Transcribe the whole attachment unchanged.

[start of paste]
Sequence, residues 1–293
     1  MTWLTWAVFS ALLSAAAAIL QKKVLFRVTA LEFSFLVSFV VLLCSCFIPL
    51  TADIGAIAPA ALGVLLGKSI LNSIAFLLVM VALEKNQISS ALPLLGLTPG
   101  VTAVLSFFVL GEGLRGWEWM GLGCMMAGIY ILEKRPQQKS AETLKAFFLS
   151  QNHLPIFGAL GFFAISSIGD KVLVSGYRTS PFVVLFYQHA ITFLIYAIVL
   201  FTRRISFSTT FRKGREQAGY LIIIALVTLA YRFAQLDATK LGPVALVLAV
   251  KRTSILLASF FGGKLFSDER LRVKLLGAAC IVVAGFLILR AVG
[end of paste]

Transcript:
Sequence, residues 1–293
     1  MTWLTWAVFS ALLSAAAAIL QKKVLFRVTA LEFSFLVSFV VLLCSCFIPL
    51  TADIGAIAPA ALGVLLGKSI LNSIAFLLVM VALEKNQISS ALPLLGLTPG
   101  VTAVLSFFVL GEGLRGWEWM GLGCMMAGIY ILEKRPQQKS AETLKAFFLS
   151  QNHLPIFGAL GFFAISSIGD KVLVSGYRTS PFVVLFYQHA ITFLIYAIVL
   201  FTRRISFSTT FRKGREQAGY LIIIALVTLA YRFAQLDATK LGPVALVLAV
   251  KRTSILLASF FGGKLFSDER LRVKLLGAAC IVVAGFLILR AVG